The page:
Religion

Further information: Religion in the United Kingdom, Medieval Religion in England, Church of England, Anglicanism and English Reformation

Ever since the break with the Roman Catholic Church in the sixteenth century, the English have predominantly been members of the Church of England, a branch of the Anglican Communion, a form of Christianity with elements of Protestantism and Catholicism. The Book of Common Prayer is the foundational prayer book of the Church of England and replaced the various Latin rites of the Roman Catholic Church. St Pauls Cathedral The United Kingdom is traditionally a Christian state, though of the four constituent countries, only England still has a state faith in the form of an established church. ... This article or section does not cite its references or sources. ... The Church of England logo since 1998 The Church of England is the officially established Christian church[1] in England, and acts as the mother and senior branch of the worldwide Anglican Communion, as well as a founding member of the Porvoo Communion. ... This box:      Anglicanism most commonly refers to the beliefs and practices of the Anglican Communion, a world-wide affiliation of Christian Churches, most of which have historical connections with the Church of England. ... This box:      King Henry VIII of England. ... The Church of England logo since 1998 The Church of England is the officially established Christian church[1] in England, and acts as the mother and senior branch of the worldwide Anglican Communion, as well as a founding member of the Porvoo Communion. ... Main article: Anglicanism The Anglican Communion is a world-wide affiliation of Anglican Churches. ... For the novel, see A Book of Common Prayer. ...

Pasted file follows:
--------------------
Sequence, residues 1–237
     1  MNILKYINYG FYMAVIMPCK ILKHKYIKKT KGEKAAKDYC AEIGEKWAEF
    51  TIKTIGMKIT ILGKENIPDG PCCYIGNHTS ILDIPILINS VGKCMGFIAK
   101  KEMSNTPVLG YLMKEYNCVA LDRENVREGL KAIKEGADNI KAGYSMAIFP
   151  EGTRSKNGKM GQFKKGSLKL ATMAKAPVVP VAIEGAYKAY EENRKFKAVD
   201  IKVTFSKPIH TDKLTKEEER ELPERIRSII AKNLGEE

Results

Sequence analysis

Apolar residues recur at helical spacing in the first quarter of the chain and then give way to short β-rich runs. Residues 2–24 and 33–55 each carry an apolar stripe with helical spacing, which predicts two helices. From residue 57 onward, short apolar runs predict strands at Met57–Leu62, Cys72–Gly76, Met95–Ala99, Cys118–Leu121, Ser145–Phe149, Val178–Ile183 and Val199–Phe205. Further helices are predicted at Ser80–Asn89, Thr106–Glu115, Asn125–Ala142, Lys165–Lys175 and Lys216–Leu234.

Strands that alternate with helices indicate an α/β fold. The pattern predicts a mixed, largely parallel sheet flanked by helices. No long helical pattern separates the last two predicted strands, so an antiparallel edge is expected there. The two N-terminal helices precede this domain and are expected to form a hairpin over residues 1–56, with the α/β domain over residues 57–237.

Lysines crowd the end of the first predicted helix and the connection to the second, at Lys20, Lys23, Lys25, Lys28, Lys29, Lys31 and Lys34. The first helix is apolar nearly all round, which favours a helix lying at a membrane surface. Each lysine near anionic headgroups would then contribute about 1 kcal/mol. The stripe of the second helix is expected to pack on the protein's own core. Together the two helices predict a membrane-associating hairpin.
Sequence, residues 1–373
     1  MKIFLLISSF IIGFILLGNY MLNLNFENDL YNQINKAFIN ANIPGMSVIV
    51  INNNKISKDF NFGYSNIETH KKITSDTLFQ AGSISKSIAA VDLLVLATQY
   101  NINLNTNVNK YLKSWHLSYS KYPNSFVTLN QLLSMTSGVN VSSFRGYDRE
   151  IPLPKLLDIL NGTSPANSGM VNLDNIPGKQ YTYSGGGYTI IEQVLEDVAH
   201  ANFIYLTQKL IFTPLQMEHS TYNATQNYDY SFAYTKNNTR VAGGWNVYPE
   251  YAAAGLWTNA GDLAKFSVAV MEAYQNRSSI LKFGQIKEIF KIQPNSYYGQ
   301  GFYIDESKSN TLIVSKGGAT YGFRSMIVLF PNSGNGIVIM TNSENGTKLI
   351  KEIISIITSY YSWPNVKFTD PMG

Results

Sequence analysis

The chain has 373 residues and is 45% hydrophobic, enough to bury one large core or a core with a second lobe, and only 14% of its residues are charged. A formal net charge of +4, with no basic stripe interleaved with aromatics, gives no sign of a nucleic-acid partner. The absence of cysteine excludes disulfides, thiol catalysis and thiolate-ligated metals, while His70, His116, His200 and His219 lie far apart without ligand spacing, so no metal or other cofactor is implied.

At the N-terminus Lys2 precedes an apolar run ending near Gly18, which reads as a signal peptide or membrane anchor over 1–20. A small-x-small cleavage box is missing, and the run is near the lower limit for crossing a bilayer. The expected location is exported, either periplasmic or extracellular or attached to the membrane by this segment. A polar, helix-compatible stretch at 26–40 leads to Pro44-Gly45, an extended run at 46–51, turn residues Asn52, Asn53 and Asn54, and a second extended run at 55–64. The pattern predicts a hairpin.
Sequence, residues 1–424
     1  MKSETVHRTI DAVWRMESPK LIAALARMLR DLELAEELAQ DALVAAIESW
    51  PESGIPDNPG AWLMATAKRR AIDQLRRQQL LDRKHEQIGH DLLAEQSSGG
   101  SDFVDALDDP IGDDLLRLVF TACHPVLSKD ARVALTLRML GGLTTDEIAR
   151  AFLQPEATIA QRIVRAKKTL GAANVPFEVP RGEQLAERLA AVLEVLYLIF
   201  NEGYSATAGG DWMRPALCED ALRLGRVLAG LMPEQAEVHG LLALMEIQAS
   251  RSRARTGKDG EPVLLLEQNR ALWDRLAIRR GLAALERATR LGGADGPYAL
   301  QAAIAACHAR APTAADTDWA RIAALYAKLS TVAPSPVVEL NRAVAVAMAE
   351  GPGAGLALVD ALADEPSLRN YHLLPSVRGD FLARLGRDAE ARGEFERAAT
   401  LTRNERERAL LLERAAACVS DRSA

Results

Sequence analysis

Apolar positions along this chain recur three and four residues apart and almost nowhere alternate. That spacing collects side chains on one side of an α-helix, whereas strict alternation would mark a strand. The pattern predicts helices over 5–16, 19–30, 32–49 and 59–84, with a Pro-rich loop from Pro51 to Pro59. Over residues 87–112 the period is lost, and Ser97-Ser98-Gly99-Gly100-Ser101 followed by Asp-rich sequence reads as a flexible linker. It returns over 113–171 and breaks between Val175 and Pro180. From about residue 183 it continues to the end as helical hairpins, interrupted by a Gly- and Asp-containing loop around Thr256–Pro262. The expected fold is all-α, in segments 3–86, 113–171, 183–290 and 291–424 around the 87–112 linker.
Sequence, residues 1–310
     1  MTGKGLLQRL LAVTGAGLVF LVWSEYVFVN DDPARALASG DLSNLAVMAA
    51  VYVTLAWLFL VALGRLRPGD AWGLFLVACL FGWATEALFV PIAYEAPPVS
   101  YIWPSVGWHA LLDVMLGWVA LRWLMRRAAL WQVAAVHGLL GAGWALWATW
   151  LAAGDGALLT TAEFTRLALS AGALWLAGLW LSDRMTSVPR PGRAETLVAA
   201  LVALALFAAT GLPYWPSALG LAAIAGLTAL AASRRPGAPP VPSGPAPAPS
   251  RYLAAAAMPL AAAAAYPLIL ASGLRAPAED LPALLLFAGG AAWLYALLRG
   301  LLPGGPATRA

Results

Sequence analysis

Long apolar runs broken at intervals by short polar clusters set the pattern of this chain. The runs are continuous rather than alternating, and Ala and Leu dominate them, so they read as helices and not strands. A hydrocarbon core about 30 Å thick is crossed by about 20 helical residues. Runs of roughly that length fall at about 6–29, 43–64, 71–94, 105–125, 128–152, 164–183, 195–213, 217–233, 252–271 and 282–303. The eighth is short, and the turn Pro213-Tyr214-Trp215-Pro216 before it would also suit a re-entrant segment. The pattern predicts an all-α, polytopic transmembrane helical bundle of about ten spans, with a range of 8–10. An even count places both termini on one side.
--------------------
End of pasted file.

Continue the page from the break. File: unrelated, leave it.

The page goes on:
Today, most English people practising organized religion are affiliated to the Church of England or other Christian denominations such as Roman Catholicism and Methodism (itself originally a movement within the Anglican Church). In the 2001 Census, a little over 37 million people in England and Wales professed themselves to be Christian. Jewish immigration since the seventeenth century means that there is an integrated Jewish English population, mainly in urban areas. 252,000 Jews were recorded in England & Wales in the 2001 Census; however this represents a decline of about 50% over the previous 50 years, caused by emigration and intermarriage.[citation needed] Immigration to Britain from India and Pakistan since the 1950s means that a large number of people living in England practise Islam (818,000), Hinduism (467,000), or Sikhism (301,000); however, the census shows that adherents to these religions are more likely to regard themselves as British than English.[56] The 2001 census also revealed that about seven million people, or 15% of English people, claim no religion. [57] For other uses, see Christian (disambiguation). ... Catholic Church redirects here. ... For other uses, see Methodism (disambiguation). ... For other uses, see Jew (disambiguation). ... British Jews (often referred to collectively, but imprecisely, as Anglo Jewry) are British subjects of Jewish descent or religion who maintain a connection to the Jewish community, either through actively practising Judaism or through cultural and historical affiliation. ... For people named Islam, see Islam (name). ... Hinduism (known as in modern Indian languages[1]) is a religious tradition[2] that originated in the Indian subcontinent. ... Sikhism (IPA: or ; Punjabi: , , IPA: ) is a religion that began in fifteenth century Northern India with the teachings of Nanak and nine successive human gurus. ...